AoC Sport National Championships: The south-east triumphs again

AoC Sport National Championships: The south-east triumphs again

The south-east took the glory for the second year running at last weekend’s AoC Sport National Championships, retaining the coveted Wilkinson Sword Trophy.

It was a close-fought battle with their local rivals the south-west, but in the end, the winners finished nine points clear of the 40th annual championships after three days of fierce competition across a range of individual sports.

Trailing just behind in third place was the north-west, who finished 21 points off the top.

The AoC Sport National Championships is the biggest sporting event in the college calendar. Over 1,700 student athletes took part this year, hailing from 121 colleges represented by 11 regions across England, Wales and Northern Ireland.

They competed for gold, silver and bronze medals in 13 sports – golf, squash, football, hockey, badminton, cricket, rugby, tennis, volleyball, basketball, cross-country, netball and table-tennis.

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The competition celebrated its 40th year and welcomed a very special guest to mark the occasion.

But first, let’s talk results.

The south-east showed its dominance in cross-country in particular: the women’s team won their race by a substantial margin before Zakiraya Mahamed – a family name that will be familiar to AoC Sport spectators – took silver in the men’s competition.

Zakiraya’s brother, Mahamed Mahamed, both from Itchen Sixth Form College, had won gold in the men’s cross-country for the previous three years.

The south-east also took the individual bronze in the women’s race.

The region also prevailed in the women’s basketball, where the team from Itchen College won the tournament.

Meanwhile, Jamie Markwick, a student from Barton Peveril College, took gold for the south-east in the men’s individual golf tournament, before also leading the men’s team to victory.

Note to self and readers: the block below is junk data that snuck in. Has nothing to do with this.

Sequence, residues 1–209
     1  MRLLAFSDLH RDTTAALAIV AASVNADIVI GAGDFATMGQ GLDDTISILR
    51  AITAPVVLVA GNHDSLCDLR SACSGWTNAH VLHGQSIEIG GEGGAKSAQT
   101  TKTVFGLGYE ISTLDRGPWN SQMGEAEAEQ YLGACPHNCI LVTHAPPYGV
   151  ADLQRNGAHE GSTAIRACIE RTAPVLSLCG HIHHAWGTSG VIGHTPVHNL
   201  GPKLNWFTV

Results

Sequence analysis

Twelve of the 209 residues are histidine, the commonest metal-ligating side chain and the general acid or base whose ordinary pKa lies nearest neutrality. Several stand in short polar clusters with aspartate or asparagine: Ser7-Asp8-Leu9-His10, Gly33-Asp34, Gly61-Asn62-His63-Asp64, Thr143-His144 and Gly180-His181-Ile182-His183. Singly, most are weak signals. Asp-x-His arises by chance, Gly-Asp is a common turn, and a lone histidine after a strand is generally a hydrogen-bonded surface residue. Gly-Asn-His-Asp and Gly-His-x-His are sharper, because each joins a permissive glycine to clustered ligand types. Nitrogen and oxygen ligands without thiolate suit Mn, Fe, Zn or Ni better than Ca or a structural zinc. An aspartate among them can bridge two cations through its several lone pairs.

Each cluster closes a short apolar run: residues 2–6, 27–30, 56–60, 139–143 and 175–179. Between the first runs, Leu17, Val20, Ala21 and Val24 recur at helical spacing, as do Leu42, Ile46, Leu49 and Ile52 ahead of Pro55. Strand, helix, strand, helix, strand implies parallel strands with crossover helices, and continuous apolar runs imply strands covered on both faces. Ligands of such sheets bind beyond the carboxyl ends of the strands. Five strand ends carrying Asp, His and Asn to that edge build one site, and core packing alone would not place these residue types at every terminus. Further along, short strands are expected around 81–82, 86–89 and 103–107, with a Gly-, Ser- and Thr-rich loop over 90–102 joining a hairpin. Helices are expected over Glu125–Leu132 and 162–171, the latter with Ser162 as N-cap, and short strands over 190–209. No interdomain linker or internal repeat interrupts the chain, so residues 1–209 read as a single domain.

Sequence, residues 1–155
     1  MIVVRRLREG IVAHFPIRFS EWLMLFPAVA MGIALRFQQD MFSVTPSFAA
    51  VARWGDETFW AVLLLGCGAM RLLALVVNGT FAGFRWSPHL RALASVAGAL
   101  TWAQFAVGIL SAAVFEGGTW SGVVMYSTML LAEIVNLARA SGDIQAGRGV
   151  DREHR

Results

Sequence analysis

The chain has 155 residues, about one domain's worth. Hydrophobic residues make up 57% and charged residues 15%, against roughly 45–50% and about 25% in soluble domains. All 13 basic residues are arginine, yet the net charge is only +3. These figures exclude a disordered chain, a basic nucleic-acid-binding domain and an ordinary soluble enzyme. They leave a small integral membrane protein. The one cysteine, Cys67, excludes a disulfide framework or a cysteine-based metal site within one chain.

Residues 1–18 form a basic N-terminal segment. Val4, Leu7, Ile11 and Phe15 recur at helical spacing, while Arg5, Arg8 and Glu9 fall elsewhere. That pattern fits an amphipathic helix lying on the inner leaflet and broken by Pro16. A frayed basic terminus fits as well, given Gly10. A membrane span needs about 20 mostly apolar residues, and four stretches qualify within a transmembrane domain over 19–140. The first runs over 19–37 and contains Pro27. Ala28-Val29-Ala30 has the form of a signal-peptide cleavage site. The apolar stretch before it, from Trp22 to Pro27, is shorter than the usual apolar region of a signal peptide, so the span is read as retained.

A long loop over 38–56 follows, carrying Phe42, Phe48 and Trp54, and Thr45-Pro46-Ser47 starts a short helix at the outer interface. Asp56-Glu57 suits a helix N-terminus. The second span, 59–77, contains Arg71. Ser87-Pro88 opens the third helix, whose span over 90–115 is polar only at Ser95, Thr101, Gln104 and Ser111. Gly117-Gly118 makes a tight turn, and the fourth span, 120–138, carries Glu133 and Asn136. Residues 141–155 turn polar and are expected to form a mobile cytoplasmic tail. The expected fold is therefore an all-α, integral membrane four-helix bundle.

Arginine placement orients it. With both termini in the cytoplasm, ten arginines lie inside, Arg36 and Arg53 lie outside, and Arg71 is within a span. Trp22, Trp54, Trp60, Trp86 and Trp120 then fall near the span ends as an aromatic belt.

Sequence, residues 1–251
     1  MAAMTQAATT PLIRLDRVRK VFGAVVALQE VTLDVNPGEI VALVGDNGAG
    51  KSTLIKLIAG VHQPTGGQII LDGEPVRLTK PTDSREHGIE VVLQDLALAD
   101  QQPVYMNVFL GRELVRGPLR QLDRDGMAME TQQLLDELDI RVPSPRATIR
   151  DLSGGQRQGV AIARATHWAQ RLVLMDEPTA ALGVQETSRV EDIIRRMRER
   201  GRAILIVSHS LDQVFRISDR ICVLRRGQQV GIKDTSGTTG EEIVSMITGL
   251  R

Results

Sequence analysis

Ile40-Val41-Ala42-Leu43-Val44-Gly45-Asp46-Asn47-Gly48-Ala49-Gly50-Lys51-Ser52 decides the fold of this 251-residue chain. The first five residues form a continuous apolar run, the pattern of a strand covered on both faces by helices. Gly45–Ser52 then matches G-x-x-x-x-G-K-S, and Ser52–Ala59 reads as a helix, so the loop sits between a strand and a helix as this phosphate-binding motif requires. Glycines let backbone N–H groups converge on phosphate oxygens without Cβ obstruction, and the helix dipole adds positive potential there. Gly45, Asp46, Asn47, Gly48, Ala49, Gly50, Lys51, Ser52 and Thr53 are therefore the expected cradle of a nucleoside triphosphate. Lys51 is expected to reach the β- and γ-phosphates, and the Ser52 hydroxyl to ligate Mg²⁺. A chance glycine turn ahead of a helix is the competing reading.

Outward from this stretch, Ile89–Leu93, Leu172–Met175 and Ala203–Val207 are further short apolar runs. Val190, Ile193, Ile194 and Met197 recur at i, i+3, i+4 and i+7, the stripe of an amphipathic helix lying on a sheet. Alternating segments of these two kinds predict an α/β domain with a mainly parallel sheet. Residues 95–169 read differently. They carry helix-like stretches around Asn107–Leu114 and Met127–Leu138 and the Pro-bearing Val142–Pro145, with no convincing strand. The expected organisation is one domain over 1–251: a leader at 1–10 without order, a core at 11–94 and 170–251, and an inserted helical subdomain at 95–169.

Joshua Bennett, the south-east’s captain, from Bexhill College, was “really proud” to lead his region to victory in the national championships, “especially in such a big year for the event”.

“The standard of competition was really high, so to be able to retain our title is a huge achievement,” he added.

The south-east won the Wilkinson Sword for the first time in 2008 – 27 years after the national championships launched in 1979. It soon entered a period of dominance, winning the grand prize for four consecutive years until 2012, when perennial rivals the south-west took over, reigning as champions for the next three years.

But the south-east returned to the top spot at last year’s championships.

Kicking off this year’s national championships was an energetic opening ceremony, complete with flag presentations for each region, the AoC Sport oaths, and dance entertainment from the thrilling Flambé Circus Theatre.

Danny Crates, a Paralympic gold-medallist sprinter and a former world record holder, was the evening’s host.

He had once been a promising rugby player but lost his right arm at the age of 21 in a car accident. He is now a world-renowned motivational speaker and TV presenter, alongside being a hugely successful Paralympian.

Hugh Johnson, the founder of the championships in 1978, was presented with a Lifetime Achievement Award.

Before giving a brief speech, the 92-year-old cut a specially made cake celebrating four decades of the prestigious event.

He set up the national championships under the British Association for Sport in Colleges, as the first chair – a post he held until 1985 when he retired as principal of Airedale & Wharfedale College in Leeds.

Back then, only 600 students made the finals. Nearly 2,000 now grace the competition every year.

“I could never have imagined it would grow so big,” said Mr Johnson. “It really is thrilling to have so many students involved and it realises a dream.”

His granddaughter ran in the cross-country event when it was held in Derby one year and won a silver medal, which he said was “a great thrill”.

Following the opening ceremony, three days of competitive sport got underway across the University of Nottingham’s brand new £40 million David Ross Sports Village, as well as at Trent Bridge,

Nottingham Wildcats Arena, Morley Hayes Golf Club, and Nottingham Tennis Centre.

A closing ceremony, featuring the all-important presentation of the Wilkinson Sword itself, rounded proceedings off on the Sunday.

“The atmosphere has been terrific and many competitors have told me what a great time they’ve had. Many congratulations to the south east region for winning again,” said AoC Sport’s current managing director Marcus Kingwell.